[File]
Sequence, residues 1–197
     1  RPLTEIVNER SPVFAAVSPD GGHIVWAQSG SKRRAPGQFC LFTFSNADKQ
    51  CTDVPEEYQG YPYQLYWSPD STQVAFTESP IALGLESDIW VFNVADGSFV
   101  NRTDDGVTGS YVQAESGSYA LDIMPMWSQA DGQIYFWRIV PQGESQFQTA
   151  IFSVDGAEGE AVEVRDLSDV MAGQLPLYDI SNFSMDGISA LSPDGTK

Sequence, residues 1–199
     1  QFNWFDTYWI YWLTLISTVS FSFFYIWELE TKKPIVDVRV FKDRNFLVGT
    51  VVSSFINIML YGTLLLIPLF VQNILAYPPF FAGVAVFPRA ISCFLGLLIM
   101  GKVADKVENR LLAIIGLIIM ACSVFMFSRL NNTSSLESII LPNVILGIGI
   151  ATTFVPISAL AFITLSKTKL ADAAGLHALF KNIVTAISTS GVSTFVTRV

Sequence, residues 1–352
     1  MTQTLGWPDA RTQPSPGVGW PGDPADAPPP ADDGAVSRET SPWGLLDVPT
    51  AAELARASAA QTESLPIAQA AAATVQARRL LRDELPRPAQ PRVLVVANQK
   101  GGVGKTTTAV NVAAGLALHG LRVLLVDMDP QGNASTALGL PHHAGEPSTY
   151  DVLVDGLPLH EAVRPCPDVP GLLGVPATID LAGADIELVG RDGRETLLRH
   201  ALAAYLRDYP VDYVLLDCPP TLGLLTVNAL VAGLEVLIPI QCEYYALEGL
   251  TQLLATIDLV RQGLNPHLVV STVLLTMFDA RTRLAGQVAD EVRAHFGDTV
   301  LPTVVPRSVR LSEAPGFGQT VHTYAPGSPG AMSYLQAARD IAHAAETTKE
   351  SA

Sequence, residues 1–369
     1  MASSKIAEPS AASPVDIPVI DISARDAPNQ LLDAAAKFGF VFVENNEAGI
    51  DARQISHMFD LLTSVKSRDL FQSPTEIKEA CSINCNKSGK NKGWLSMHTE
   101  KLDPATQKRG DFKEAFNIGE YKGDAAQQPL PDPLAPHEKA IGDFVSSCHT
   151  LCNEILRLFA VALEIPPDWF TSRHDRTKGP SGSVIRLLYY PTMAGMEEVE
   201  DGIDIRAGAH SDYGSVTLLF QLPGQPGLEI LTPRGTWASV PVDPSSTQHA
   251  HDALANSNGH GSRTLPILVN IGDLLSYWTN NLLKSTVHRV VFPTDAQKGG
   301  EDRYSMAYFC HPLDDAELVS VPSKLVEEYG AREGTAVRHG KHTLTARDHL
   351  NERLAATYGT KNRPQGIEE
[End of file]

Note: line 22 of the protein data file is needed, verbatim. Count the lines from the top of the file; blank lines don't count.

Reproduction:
    51  DARQISHMFD LLTSVKSRDL FQSPTEIKEA CSINCNKSGK NKGWLSMHTE